Nandipa and Gikka were both members of the original “brat pack” of elephants orphaned in a culling operation. At a young age they had already experienced loss and grief and so their rehabilitation was always going to be a delicate process.
Nandipa was the first of the Abu herd’s female elephants to be released. During her time in the Abu herd, she had an uneasy relationship with Cathy, matriarch of the herd, preferring to spend as much time as she could with big Benny, the floppy-eared giant. On her release she happily mixed with “the boys” and joined them in exploring the Okavango. Since then, Nandipa has given birth to three calves including a strapping bull named Ntongine and the latest youngster born in 2013. She is sometimes seen in the vicinity of the camp showing off her family herd.
Gikka and Naya pop by Abu Camp for a visit
Before Gikka gave birth to Naya, she insisted on sharing duties with Shireni in looking after Pula when he was a baby, constantly making mud and sand baths for him to play in. Gikka has a great love of water and her short tusks set very close to her trunk enable her to perform amazing “acrobatic” feats in the lagoons and pools of the Okavango.
Gikka’s daughter, Naya, born in March 2003, developed into a sweet-natured and very lovable young elephant, who used to be inseparable from Pula, before the latter’s release. Naya, whose name means “To Give”, was a relatively delicate youngster and another Abu Camp favourite.
Both Gikka and her calf Naya were successfully introduced into the wild in July 2011. Within a few days they had joined up with their long-time friend Nandipa who by then had been at large for eight years. The two large cows and their four offspring have cemented the close bonds needed to maintain their own unique herd.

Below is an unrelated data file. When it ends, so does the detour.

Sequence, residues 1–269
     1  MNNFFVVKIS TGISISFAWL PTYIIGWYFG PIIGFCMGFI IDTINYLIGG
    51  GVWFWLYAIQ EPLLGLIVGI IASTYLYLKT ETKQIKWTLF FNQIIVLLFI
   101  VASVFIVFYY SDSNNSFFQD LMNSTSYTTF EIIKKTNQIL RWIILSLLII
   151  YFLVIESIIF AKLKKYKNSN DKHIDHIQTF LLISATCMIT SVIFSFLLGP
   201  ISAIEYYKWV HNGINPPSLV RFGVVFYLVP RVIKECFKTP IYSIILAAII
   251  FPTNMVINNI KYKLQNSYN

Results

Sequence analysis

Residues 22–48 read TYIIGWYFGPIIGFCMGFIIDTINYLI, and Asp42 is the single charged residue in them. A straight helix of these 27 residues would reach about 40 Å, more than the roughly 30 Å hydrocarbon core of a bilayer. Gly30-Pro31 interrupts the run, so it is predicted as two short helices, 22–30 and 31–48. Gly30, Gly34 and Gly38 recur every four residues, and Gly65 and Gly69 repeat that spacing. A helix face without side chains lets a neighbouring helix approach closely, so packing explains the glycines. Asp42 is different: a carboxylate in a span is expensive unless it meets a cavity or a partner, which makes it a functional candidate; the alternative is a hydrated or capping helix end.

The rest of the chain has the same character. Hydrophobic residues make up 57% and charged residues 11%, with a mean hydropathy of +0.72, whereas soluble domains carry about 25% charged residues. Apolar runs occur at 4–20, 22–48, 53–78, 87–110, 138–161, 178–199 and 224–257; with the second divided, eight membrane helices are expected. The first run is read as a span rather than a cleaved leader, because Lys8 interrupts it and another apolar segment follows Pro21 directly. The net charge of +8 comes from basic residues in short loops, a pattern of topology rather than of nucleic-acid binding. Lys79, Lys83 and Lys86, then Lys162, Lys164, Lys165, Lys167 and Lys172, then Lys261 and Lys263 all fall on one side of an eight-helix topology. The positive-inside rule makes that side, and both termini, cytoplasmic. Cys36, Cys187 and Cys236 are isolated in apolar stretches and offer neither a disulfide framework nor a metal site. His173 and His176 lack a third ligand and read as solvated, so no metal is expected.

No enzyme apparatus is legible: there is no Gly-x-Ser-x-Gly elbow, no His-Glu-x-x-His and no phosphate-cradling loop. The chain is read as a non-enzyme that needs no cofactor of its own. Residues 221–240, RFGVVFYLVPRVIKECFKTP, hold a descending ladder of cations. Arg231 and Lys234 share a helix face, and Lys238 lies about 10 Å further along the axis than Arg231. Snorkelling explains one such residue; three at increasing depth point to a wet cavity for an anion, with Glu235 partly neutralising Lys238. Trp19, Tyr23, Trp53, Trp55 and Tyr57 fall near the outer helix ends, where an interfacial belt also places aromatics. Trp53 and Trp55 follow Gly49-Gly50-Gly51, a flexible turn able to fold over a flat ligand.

In August 2013 Gikka too had a calf in the wild. As the gestation period for an African elephant is 22 months, this means she was covered in the first month of her living as a wild elephant. This latest birth has increased the “wild” Abu herd to seven and the new arrival is another milestone in the successful elephant introduction programme.
Elephants Without Borders (EWB), under the leadership of Dr. Mike Chase, a San Diego Zoo Post-Doctoral Research Fellow, is committed to finding answers to challenging conservation issues. Paul Allen, of Microsoft founding fame, has been a deeply committed supporter of its work and envisages a far-reaching elephant conservation programme which through the generosity of the Paul G. Allen Family Foundation, is now becoming a reality.
EWB operates from a custom-built research station in NG26, the Abu Concession. Built with support from the Foundation, the field research station serves as a “living laboratory”, where researchers can advance the knowledge and understanding of elephants. Particular topics of interest are the movements and stress levels of both the Abu herd and the wild herd, and extending beyond this immediate focus, the home ranges and population dynamics of elephants across northern Botswana and beyond.
The ultimate goal is to understand the changing habitat and spatial needs of elephants on a macro scale, both now and into the future, so that informed conservation management decisions can be made and potential human/elephant conflict avoided, allowing Africa’s two most significant keystone species to enjoy a more harmonious co-existence than has previously been the case.
The Abu herd provides living proof of how humans and elephants can live harmoniously side by side in mutual affection and respect. Is it too much to hope that this can be achieved on a much wider scale?